This film was edited well, it feels smooth and slick. The film cuts a lot between actors as their emotions and facial expressions drive the story forward. It's not trying to become something of its own like it was on Fight Club but it does try to aid more in its ability to tell the story.

Jeff Cronenweth has done three films with David Fincher; Fight Club, The Social Network and The Girl With The Dragon Tattoo. I felt this was his most safest compared to the three. It's very focused on capturing the drama rather than being something different and off the wall. The title sequence, where Zuckerberg runs through the campus of Harvard and the final shot that slowly zooms in on Zuckerberg's face, was shot beautifully. His sad facial expression as the last statement is placed on screen before the credits, "Zuckerberg is the youngest billionaire in the world", and along with the intimate and slow zooming photography just expresses the burden that his own creation has caused. Cronenweth's work on this one is not something that I would remember as much but it does apply appropriately to the drama.

Trent Reznor and Atticus Ross' work on this film is definitely a plus for me. There was a composition that plays after Zuckerberg's break up with Albright (Rooney Mara) that combines razor violins that haunts the track with a piano that is feels so simple and delicate. It not only sets the film up to a sad start but it also enhances certain moments in the film that make the drama even more dramatic, particularly the scene where Garfield walks up to Zuckerberg and smashes his computer and having an argument. That particular scene is the final cut in their relationship that destroyed their friendship, the ultimate betrayal. That particular composition is used in scenes where Zuckerberg has lost someone important in his life. It is heartbreaking to listen to.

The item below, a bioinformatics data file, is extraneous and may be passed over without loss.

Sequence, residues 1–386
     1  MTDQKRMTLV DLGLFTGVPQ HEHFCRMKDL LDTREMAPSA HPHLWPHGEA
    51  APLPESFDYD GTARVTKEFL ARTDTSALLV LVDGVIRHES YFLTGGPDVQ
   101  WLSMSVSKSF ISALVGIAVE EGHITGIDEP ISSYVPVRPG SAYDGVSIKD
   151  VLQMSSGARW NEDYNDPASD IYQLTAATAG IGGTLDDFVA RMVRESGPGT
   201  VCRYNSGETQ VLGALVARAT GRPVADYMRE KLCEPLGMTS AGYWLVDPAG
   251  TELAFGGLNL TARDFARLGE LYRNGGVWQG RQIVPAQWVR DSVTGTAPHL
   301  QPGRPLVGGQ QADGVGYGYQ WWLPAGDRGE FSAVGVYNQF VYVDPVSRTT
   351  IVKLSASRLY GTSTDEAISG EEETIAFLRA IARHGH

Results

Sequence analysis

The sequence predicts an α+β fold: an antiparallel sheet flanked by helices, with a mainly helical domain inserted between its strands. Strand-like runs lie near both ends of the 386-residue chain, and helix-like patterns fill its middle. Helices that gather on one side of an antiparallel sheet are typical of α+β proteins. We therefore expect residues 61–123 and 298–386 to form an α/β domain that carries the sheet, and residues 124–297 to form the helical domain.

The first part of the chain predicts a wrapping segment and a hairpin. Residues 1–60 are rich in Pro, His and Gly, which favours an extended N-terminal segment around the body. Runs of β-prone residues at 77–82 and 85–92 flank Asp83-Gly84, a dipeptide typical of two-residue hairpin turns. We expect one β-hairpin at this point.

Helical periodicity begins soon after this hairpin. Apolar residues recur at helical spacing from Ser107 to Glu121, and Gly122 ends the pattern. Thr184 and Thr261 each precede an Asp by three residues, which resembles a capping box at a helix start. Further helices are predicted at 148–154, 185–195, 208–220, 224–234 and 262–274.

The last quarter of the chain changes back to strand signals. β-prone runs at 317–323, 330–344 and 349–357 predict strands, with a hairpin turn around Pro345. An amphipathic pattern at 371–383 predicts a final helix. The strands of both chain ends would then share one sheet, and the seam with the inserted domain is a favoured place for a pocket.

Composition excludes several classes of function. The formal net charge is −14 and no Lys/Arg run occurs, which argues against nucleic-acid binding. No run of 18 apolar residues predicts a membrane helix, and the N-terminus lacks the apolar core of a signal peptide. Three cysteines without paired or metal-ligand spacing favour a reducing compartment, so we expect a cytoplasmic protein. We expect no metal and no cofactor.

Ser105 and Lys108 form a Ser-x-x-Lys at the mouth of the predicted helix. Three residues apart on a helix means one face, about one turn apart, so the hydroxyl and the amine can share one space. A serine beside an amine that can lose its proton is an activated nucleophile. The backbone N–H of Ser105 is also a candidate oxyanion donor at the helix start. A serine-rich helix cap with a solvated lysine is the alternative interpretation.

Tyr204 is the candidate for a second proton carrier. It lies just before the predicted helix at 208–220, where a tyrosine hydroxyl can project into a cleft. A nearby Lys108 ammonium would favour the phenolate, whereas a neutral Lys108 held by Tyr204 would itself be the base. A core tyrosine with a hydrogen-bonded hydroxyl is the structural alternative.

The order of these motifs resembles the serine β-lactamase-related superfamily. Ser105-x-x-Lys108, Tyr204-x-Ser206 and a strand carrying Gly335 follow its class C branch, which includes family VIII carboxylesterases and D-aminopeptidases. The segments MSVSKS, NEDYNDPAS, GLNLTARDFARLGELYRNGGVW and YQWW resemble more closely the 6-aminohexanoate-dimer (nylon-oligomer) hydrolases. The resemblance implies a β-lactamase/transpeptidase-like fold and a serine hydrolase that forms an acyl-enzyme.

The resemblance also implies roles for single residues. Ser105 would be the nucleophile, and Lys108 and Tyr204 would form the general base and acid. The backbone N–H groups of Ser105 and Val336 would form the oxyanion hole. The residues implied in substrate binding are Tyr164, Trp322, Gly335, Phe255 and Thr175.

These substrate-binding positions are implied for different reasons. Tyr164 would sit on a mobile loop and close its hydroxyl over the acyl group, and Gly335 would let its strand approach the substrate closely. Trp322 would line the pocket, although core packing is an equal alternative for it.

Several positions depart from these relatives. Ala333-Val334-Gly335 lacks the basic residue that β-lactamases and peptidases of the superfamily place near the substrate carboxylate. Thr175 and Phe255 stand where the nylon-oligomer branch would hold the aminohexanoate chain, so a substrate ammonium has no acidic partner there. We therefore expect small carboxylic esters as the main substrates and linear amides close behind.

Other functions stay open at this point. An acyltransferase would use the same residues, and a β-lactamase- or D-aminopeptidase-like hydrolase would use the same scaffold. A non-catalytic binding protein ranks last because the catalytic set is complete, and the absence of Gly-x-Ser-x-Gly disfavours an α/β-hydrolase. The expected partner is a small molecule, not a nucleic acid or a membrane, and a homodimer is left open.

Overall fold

Both Garfield and Eisenberg gave their most emotionally driven performances I have ever seen. I don't know if it's accurate or not but it doesn't matter as long as their performance drives the story forward and that they are believable in their roles. I felt that Garfield should have been nominated for a supporting actor at the Academy Award as his performance dominates everyone else in this film. Justin Timberlake in this film plays Sean Parker efficiently, he knows how to convincingly act like a jackass. It was a character though I did not like when on screen as I felt he was written to unlikable but I guess that was the point. Rooney Mara's character is a crucial piece but she was a little underused in this film, all is well though cause she has a leading role in Fincher's next film. This film definitely proved that both Garfield and Eisenberg has acting chops and are Oscar worthy.

This modern drama is not about Facebook's impact on the world but it's impact on the guy who made it. It is emotionally driven and will have you either liking this film or be intensely uninterested. It has good cinematography, along with a memorable score soundtrack and a stellar cast. Definitely great but not Fincher's best.